By Dr. Muzafar Jan
A swine origin H1N1 virus, commonly known as swine flu, virus has claimed millions of lives across globe and epidemiologically is classified as a pandemic, that is, it is a global epidemic. In India, there has been also an outbreak of H1N1 pandemic in 2009 which took thousands of lives and still continues. Furthermore, every year, there is a rise in the incidence of H1N1 infections particularly during winters as the virus thrives in cold temperatures. Jammu and Kashmir, being a cold region, is prone to H1N1 outbreak which, as per latest reports, has already claimed fives precious lives (five more are being treated in Kashmir while similar number of cases were reported from Jammu area this year). It is important to understand the biological nature of this virus mode of transmission prognosis and its preventive measures.
H1N1 belongs to orthomyxovirus family containing exclusively RNA viruses and influenza viruses or flu viruses responsible for all flu pandemics come under this category of viruses. The virus on its outer surface in science terminology known as envelope has a coating of two large proteins hemagglutinin (HA) and neuraminidase (NA). It is from these two proteins HN naming system of viruses in this group has been adapted, for example, H1N1. The virus recognizes and binds to host cells using hemagglutinin (H) protein which has a very high tendency to bind sugars or carbohydrates on human and other host cells. The sugars are very prominently expressed on human and other host cells- blood group in humans is determined by the types of sugars expressed on bloodcells.The newly formed viruseswithin the infected cells get attached to the cells by sugars and neuraminidase (N) cleaves or breaks the sugar residues to release the newly formed virus particles in preparation to attack new uninfected cells.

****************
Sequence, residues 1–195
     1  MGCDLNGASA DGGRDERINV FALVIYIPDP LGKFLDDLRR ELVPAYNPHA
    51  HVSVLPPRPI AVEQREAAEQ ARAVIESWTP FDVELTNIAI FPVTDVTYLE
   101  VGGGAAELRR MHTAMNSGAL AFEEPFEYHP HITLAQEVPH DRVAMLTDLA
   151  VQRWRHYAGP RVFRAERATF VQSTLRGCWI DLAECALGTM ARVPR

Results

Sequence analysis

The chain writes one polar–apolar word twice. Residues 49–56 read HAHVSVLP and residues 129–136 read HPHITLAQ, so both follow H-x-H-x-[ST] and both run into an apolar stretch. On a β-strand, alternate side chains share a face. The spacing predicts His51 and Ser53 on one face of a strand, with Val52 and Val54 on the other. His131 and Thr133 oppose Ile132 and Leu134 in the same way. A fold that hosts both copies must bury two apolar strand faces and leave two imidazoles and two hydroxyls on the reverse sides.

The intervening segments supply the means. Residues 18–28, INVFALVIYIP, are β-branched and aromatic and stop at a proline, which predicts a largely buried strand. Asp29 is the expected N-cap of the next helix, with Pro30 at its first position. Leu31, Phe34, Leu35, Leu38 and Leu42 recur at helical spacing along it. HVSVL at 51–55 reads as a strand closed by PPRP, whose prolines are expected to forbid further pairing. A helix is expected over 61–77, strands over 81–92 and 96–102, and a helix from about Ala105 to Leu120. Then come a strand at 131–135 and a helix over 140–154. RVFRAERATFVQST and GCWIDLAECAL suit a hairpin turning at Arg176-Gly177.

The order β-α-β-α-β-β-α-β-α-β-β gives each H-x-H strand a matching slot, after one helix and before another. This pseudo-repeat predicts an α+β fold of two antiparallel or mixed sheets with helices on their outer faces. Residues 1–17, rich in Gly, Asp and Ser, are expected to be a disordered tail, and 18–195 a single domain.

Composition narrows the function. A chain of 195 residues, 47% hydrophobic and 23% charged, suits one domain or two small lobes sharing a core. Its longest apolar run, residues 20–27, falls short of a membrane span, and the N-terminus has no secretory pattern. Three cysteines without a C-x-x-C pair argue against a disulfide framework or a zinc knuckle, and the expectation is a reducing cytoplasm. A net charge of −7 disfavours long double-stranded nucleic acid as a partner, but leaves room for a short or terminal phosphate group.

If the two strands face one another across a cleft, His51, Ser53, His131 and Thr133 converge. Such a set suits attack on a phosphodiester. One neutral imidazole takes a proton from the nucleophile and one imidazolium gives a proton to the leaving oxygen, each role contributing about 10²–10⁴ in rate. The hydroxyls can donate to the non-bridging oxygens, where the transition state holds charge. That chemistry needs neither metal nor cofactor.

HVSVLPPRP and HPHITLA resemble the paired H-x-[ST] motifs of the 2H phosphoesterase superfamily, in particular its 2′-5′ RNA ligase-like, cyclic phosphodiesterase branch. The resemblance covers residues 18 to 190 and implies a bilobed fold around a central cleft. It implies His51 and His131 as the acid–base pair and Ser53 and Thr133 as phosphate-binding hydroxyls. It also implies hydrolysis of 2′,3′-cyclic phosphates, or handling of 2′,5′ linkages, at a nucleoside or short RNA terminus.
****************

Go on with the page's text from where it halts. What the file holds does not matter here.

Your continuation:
The H and N come in different flavours with slight differences (H1-118 and N1-11), can have any permutations and combinations and is used to determine the virus subtype like the H1N1 flu virus; H5N1 avian (bird) flu virus; H2N2 asian flu virus.This hemagglutinin protein is also responsible for determining both which species a virus strain can infect and where in the human tract, it will bind. Those strains which are easily transmitted between people have receptors to bind in the upper respiratory tract, such as mouth, nose and throat while more lethal strains have receptors deeper in the respiratory tract like lungs.
Transmission and Preventive measures
The H1N1 virus is a miracle of evolution which has intermixed genes from three different viruses to establish itself as a dominant flu strain in most parts of the world. The H1N1 strain comprises of genes from the common human flu virus, an avian flu virus and a virus from pigs (swine). Scientists say that this triple H1N1 virus occurred 10-20 years ago and remained in pigs for years where it mixed with other swine viruses. The triple virus broke the species barrier to infect humans (called zoonosis) recently and was discovered first time in 2009.Usually, it becomes difficult to distinguish between common cold and flu in the early stages of infection. The flu has a mixture of symptoms of common cold and pneumonia including fatigue, headache, fever; sore throat, watery eyes, body aches, shortness of breath, weight loss, chills, sneezing, runny nose, coughing, dizziness, and abdominal pain, lack of appetite, and occasionally diarrhoea and vomiting.